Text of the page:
Some related articles :
There is now a substantial
accumulation of evidence from the pension reform experiences of middle
income countries over the past two decades, allowing for an evaluation of
their outcomes. Findings from this evaluation lead to important lessons,
both positive and negative, for developing countries.
Contrary to the current pension
reform policy 'orthodoxy' led and financed by the World Bank, the key
implication to be drawn from cumulative evidence from pension reform is
the continued salience of the dominant role of public management in the
provision of old age protection. What has increasingly become a pensions
reform monologue should now become a more inclusive dialogue on policies
World Bank dominates
The dominant international advisory
position occupied by the World Bank and its zealous promotion of a
seemingly one-size-fits-all model for pension reform has crystallised into
what can only be described as a global pension reform monologue. It has
become increasingly difficult for voices critical of the Bank's policy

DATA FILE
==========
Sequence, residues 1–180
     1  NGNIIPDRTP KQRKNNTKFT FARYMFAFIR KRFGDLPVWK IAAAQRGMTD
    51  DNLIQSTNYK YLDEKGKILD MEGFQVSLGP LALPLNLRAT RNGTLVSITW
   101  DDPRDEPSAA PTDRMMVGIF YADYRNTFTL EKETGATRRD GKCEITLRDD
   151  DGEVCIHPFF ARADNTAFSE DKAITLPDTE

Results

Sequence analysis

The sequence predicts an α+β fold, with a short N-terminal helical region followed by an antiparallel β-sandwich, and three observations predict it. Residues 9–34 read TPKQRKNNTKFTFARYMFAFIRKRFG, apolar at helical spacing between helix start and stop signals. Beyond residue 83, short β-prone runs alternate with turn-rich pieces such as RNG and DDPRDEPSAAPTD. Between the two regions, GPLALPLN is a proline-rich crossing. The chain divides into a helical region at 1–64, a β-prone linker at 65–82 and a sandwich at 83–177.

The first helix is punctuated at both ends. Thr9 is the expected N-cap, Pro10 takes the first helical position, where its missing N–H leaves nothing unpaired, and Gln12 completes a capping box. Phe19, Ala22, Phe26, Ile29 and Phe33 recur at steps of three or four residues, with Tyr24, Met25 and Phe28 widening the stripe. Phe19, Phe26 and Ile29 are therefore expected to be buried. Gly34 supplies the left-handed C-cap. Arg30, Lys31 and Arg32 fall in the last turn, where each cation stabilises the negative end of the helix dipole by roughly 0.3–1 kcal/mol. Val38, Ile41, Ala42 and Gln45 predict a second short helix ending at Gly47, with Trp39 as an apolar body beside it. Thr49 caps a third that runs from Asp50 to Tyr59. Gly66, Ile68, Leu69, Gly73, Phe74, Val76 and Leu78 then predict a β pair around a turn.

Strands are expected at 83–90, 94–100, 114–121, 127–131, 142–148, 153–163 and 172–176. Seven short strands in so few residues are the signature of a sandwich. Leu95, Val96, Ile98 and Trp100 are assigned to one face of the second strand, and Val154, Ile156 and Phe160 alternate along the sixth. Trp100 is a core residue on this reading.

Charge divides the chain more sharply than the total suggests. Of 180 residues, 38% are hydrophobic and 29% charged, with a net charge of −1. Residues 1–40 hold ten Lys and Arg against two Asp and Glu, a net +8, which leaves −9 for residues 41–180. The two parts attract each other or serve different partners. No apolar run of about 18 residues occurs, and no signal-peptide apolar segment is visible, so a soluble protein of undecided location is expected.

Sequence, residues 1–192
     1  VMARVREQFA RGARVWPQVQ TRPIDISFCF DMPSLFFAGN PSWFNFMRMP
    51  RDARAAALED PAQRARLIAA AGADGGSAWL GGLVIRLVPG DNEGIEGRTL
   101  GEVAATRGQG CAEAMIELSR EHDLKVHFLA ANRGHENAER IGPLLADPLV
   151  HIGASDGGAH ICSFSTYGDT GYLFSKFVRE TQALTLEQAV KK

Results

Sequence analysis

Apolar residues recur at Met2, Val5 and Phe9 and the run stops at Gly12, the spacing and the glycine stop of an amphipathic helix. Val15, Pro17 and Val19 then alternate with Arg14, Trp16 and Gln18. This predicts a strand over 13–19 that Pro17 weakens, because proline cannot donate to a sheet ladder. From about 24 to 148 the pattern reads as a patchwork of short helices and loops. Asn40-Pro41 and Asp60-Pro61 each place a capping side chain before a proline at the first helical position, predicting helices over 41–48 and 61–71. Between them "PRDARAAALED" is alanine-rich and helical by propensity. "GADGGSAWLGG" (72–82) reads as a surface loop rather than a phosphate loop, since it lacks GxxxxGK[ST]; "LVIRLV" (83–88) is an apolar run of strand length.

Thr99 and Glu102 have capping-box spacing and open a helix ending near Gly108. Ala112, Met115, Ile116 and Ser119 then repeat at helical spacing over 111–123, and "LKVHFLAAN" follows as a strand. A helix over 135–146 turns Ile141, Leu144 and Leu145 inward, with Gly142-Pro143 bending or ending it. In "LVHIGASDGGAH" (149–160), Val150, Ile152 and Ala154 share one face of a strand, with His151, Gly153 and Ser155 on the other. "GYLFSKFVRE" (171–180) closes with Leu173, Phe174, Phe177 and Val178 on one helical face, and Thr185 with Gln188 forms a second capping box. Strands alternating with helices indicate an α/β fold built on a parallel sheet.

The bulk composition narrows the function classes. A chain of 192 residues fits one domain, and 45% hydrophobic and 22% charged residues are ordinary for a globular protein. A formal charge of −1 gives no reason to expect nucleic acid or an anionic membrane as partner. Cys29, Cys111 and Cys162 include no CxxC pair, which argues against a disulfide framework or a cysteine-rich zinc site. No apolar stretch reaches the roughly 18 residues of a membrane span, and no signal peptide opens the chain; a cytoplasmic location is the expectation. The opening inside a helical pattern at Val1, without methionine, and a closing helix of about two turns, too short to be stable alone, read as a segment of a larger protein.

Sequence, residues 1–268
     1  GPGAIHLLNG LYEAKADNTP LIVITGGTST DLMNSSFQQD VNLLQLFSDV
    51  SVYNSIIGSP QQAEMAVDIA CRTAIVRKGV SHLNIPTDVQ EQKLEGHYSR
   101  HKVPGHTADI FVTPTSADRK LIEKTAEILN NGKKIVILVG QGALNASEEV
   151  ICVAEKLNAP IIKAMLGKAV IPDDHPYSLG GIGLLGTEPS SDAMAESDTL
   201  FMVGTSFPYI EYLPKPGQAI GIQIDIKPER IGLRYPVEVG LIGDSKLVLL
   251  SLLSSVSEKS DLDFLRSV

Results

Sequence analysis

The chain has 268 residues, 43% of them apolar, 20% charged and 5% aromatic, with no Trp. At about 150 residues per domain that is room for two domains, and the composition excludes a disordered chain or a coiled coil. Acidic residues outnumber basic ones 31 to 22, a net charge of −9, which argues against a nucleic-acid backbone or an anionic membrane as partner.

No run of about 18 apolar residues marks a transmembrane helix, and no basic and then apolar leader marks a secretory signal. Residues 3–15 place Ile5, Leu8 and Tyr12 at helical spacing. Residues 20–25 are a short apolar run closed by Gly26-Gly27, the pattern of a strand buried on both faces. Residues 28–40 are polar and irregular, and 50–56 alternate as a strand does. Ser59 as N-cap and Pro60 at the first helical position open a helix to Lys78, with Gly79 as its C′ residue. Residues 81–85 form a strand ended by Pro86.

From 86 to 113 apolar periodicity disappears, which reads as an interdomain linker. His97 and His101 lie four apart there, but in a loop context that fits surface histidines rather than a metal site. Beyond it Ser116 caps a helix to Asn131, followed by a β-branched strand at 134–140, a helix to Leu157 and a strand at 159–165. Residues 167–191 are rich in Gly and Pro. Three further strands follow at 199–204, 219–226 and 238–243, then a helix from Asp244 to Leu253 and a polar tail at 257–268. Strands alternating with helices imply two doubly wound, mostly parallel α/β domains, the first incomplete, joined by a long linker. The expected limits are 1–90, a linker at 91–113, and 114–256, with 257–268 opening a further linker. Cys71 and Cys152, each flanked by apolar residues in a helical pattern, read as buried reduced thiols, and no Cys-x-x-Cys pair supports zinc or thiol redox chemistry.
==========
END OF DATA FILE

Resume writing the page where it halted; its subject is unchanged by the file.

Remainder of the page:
agenda to make themselves heard in international arenas. Yet the available
evidence, presented in detail in 'Pensions in Development', gives little
support to either the developmental or welfare efficacy of key elements in
the Bank's market-based pension reform strategy.
There are limitations in both
market-based and contributory social insurance pension schemes in meeting
the social protection needs of the growing number of informal sector
workers in developing countries. Our proposal is based on existing
examples of good practice, pays particular attention to issues of cost and
administrative feasibility, and advocates the adoption of mechanisms to
achieve universality in coverage. It includes providing at least a minimal
cash income on a regular basis to all the elderly as a policy priority.
This prioritisation is overtly intended to meet the social protection
needs of the world's growing elderly population, including the most
marginalised among them, the numerous elderly poor in developing countries
currently without 'pensions' or other means of cash support.
A new dialogue
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